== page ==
When Sahir Ludhianvi criticised Nehru, Iqbal in a poem

Story by  Saquib Salim | Posted by  Aasha Khosa | Date 22-06-2024
Poet and Lyricist Sahir Ludhianvi
Poet and Lyricist Sahir Ludhianvi


Saquib Salim


Mohammad Iqbal alias Allama Iqbal was hailed by the Muslim League leadership in pre-partition India as the leading light of the Pakistan movement. One of his famous and earliest poems on pan-Islamism much after he wrote the indelible Sare jahan se aachcha Hindustand hamara… was Tarana-e-Milli (Anthem of the community). The opening verse of the poem sets the tone with, “Chiin-o-Arab humaara, Hindostaan hamaara, Muslim hain hum, watan hai saara jahaan humaara(China and Arab belong to us, India is ours, we are the Muslims, the whole world is our homeland).


On the other hand one of the founders of modern India Jawaharlal Nehru, the first Prime Minister, paid much attention to foreign relations to place India on the global map. In the decade of the fifties, India was cozying up with China under the Panchsheel policy. Nehru along with others led the non-alignment Movement.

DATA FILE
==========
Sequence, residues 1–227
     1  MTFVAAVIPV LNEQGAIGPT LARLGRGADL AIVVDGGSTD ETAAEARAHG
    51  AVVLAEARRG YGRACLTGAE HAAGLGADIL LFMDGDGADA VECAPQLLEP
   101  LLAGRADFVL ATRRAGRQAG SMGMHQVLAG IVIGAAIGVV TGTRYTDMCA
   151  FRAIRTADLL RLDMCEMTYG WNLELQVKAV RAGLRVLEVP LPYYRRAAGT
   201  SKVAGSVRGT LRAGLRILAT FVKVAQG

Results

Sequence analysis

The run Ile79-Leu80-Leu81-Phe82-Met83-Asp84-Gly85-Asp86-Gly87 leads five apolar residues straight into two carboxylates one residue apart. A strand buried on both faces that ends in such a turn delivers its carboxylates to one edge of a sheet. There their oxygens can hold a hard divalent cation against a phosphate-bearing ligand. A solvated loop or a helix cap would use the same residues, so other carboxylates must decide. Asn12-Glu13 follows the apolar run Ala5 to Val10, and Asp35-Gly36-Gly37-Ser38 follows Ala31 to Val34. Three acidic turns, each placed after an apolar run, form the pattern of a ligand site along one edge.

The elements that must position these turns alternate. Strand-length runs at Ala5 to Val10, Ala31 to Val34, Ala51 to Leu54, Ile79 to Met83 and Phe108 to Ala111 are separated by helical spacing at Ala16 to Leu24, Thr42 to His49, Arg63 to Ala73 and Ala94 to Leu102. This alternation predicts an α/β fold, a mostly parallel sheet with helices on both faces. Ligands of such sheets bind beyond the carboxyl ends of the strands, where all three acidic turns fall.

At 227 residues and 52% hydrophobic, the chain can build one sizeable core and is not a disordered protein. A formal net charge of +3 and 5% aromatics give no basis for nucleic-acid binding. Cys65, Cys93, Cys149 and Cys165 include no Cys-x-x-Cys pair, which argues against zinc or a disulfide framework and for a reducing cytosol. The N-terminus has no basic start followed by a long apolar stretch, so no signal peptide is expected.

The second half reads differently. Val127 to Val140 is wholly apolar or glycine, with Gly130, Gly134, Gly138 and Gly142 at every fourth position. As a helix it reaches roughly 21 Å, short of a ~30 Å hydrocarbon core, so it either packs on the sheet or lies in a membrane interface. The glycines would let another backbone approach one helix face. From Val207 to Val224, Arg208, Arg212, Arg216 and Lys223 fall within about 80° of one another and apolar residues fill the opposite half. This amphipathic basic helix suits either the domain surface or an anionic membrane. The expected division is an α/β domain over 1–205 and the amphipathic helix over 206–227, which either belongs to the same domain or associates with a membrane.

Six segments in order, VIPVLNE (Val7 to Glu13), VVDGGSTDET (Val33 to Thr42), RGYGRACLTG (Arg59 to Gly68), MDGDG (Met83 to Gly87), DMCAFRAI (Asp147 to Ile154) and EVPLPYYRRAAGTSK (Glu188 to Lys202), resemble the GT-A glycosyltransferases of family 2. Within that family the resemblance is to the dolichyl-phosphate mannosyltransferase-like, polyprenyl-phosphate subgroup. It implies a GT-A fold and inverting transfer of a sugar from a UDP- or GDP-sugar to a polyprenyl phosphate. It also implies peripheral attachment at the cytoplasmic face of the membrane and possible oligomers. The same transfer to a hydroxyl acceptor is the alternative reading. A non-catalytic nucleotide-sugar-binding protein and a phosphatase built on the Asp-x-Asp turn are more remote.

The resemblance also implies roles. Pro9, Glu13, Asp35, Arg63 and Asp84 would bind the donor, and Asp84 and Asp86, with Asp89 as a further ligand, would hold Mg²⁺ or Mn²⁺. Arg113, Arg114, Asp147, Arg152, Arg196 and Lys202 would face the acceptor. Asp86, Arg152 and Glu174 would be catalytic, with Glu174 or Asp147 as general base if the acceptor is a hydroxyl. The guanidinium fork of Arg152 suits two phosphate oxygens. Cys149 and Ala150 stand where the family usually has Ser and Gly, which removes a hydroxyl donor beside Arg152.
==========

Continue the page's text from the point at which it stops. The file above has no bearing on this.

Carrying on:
He met Sukarno, Tito, and Nasser – the other founders – frequently. The socialists, communists, and other opposition parties accused Nehru of investing too much in foreign relations while completely overlooking domestic problems like unemployment, poverty, education, communalism, etc.


In 1958, Sahir Ludhinavi, a poet with socialist leanings, was tasked with writing lyrics for lyrics for Phir Subha Hogi. A Raj Kapoor and Mala Sinha starrer, Sahir used the opportunity to criticise Nehru. No wonder, the two songs of the movie were initially banned for criticising the government.


One of the songs banned was a satirical take on Iqbal’s Tarana-e-Milli. Sahir wrote, “Chiin-o-Arab humaara,.. He also mocked Nehru for stressing on global affairs. How could a country of poor people lead the nations of the world, he questioned. He wrote that India needed to uplift its people out of poverty before anything else.


His satire was also targeted at Iqbal. Sahir believed that the world belongs to the poor and the masses. The identities of religion, in his view, were not as important.  


While Iqbal used nostalgia for a golden past and wished that Muslims could again rule the nations of the world, Sahir’s poem was a telling tale of destitution yet hope of a socialist revolution where the proletariat would rule.


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Thus the legendary Sahir Ludhianvi had managed to target the two-nation theory, pan-Islamism and Nehruvian socialism in a song.